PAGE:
Tuesday, 14 July 2015 10:23

Alberta Internationally Educated Physiotherapists Bridging Program opens its doors at Medicine Hat College

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A University of Alberta bridging program aimed at addressing a skills gap to help internationally trained physical therapists prepare to work in Canada has expanded to a third location.


The Alberta Internationally Educated Physiotherapists Bridging (AIEPB) program has partnered with Medicine Hat College, now the program’s third location in addition to Edmonton and Calgary.
"We are excited to be working with Medicine Hat College and expanding to this third site,” says Colleen Britton, AIEPB’s co-director of administration. “Having a presence in three of Alberta’s largest cities—and with Medicine Hat being so close to Saskatchewan—will help us prepare even more internationally educated physiotherapists for the Canadian workforce, addressing an important need for our aging population.”
Now in its third year, AIEPB is funded by a Health Canada grant with an aim to address the need to integrate physiotherapists certified in other countries into the Canadian health-care system. Students are taught in person and via synchronous learning technology from the U of A’s north campus, the University of Calgary’s downtown campus—home to the U of A’s physical therapy and occupational therapy satellite sites—and now Medicine Hat College.
“This initiative is a natural fit with our occupational/physical therapist assistant program,” says Grace Torrance, program co-ordinator at MHC. “It not only provides students a unique and beneficial experience, but also bridges faculty between the various campuses. It's a true example of how partnerships and technology can provide today’s learners flexible options that ensure they get the most out of their time with us.”
The 14-month bridging program combines hands-on clinical experience with textbook learning, and ensures students have the skills and familiarity with working in a Canadian clinical setting. It also gives students a leg up preparing for the exam administered by the Canadian Alliance of Physiotherapy Regulators, which accredits all physiotherapists working in Canada.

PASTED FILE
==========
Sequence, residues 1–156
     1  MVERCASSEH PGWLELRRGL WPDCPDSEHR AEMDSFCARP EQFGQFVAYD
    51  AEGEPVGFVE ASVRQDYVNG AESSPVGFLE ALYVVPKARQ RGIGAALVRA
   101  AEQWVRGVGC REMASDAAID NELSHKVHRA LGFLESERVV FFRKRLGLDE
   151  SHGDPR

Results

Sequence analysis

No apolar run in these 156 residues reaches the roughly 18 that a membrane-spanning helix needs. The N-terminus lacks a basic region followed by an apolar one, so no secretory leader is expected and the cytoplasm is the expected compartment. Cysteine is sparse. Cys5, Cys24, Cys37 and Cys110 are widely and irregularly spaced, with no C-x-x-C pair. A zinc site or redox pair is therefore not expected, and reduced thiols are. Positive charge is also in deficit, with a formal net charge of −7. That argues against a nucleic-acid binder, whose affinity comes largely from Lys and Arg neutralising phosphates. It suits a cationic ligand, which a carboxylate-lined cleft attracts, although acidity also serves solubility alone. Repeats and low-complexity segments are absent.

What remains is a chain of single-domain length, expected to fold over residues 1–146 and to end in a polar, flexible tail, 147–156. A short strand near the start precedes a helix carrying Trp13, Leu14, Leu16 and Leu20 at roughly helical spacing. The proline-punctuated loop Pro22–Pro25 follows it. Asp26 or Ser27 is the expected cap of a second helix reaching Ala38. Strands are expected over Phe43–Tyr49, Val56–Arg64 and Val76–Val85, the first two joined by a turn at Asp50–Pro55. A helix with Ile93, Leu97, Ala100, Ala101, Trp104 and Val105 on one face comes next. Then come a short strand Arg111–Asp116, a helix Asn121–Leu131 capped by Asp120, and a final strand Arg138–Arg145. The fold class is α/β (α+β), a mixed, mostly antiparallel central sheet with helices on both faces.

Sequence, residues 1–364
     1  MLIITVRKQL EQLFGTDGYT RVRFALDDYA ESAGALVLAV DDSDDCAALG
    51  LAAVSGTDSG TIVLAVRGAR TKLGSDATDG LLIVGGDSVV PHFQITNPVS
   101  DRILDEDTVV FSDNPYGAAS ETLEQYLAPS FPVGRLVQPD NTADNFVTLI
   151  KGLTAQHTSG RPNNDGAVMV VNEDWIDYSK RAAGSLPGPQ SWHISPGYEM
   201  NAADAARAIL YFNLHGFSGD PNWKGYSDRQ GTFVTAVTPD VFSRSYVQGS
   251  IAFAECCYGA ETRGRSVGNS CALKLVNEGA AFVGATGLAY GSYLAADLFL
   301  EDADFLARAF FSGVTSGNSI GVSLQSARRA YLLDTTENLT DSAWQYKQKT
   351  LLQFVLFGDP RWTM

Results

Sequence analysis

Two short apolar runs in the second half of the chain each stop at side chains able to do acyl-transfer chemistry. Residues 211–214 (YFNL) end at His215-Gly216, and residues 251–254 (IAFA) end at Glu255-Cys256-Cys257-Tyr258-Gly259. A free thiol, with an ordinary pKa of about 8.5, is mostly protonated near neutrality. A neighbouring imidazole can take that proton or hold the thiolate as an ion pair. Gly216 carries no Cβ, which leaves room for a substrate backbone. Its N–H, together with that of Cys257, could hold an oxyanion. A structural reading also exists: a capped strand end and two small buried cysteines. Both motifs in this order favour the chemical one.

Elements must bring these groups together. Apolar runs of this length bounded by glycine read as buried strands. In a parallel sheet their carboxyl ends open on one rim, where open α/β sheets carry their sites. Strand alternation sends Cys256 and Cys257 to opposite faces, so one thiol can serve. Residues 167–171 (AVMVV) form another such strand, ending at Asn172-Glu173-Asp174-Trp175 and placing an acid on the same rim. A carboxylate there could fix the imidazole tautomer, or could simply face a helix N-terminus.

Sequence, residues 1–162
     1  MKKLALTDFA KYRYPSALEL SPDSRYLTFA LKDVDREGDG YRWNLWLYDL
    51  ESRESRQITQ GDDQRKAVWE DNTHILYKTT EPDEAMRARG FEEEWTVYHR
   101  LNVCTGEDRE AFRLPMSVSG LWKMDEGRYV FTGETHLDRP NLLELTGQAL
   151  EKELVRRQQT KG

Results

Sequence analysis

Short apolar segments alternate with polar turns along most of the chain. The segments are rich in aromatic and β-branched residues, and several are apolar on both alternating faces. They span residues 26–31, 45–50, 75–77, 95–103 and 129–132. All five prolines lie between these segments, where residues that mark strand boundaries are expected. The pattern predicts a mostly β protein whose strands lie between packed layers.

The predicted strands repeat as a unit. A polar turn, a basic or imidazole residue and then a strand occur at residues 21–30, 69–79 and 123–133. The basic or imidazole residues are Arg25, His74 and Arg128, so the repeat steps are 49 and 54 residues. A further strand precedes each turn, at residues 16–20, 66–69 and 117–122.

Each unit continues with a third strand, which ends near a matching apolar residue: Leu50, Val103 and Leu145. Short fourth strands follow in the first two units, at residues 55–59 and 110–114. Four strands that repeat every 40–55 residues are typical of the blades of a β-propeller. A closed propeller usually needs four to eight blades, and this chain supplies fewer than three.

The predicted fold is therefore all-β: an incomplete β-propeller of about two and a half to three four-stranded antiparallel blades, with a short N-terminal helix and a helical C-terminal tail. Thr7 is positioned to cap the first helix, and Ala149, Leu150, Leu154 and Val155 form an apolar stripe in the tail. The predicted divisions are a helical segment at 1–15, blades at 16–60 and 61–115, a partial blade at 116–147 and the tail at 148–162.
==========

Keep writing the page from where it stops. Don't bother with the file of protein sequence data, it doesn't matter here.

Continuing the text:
“Students have taken and failed the exam, then enrolled in our program, rewritten and passed it, and now have jobs. That’s how we measure success," says Barbara Norton, co-director of curriculum.
From Italy to Medicine Hat
Alberto Marchi relocated to British Columbia from Florence, Italy, where he had qualified as a physiotherapist at the University of Florence and had been practising for five years in a home for the elderly.
“You don’t have to be registered as a physiotherapist in Italy. All you need is your university qualification,” explains Marchi.
After learning about the bridging program, Marchi moved to Medicine Hat to take advantage of new enrolment opportunities.
Similar to bridging programs in Toronto and Quebec, the U of A’s program stands out because it mixes distance education with in-person mentoring from practising physiotherapists. In March 2014, the program was recognized by Special Merit Award from Citizenship and Immigration Canada for helping international professionals integrate into the Canadian economy.
“This year we have students from Saskatchewan, British Columbia, Manitoba and Alberta. Our focus is on providing the program in Western Canada,” says Bernadette Martin, associate chair of physical therapy in the Faculty of Rehabilitation Medicine.
Students’ first official day at the Medicine Hat site was May 26, and they go until August 2016, by which time they are ready to write their exams and have a good handle on what it means to be a physiotherapist in a Canadian clinic.
Looking ahead to the end of the program and writing his qualification exam, Marchi thinks he might have better luck finding work if he stays in Alberta rather than going back to B.C.
“The bridging program will help me prepare to work anywhere in Canada, but just being here gives me a greater familiarity with Alberta and the regulatory system here. There is a lot of opportunity to work in this province.”

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